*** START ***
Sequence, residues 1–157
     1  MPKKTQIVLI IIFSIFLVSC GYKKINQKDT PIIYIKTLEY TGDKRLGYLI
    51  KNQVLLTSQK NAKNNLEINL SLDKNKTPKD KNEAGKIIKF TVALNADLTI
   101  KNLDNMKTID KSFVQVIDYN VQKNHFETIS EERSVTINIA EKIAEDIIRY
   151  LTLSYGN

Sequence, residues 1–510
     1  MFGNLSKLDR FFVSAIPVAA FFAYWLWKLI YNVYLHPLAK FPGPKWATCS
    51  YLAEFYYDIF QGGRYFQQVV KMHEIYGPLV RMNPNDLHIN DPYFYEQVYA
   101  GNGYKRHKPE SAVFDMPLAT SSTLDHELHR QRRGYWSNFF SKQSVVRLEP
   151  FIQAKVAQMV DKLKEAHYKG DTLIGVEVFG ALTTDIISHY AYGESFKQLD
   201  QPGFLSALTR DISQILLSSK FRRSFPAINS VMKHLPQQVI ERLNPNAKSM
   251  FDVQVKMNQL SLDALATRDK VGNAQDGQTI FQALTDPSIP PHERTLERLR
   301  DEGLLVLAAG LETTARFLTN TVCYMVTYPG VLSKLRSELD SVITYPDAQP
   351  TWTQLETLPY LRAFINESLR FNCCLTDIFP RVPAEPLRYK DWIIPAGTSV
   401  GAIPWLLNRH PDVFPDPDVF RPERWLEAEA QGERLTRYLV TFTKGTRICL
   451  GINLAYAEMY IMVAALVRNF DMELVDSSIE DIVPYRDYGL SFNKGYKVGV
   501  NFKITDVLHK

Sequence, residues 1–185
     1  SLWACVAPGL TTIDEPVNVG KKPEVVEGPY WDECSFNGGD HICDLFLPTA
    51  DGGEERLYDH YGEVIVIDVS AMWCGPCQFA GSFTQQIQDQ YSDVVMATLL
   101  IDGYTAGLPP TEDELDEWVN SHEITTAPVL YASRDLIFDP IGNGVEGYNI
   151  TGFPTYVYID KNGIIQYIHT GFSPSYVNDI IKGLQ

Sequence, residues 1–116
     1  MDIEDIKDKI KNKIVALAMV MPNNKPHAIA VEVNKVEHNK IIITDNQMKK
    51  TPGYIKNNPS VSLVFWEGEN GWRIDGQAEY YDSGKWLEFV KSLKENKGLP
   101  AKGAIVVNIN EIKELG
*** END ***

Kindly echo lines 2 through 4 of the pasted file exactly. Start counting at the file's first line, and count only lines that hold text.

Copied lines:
     1  MPKKTQIVLI IIFSIFLVSC GYKKINQKDT PIIYIKTLEY TGDKRLGYLI
    51  KNQVLLTSQK NAKNNLEINL SLDKNKTPKD KNEAGKIIKF TVALNADLTI
   101  KNLDNMKTID KSFVQVIDYN VQKNHFETIS EERSVTINIA EKIAEDIIRY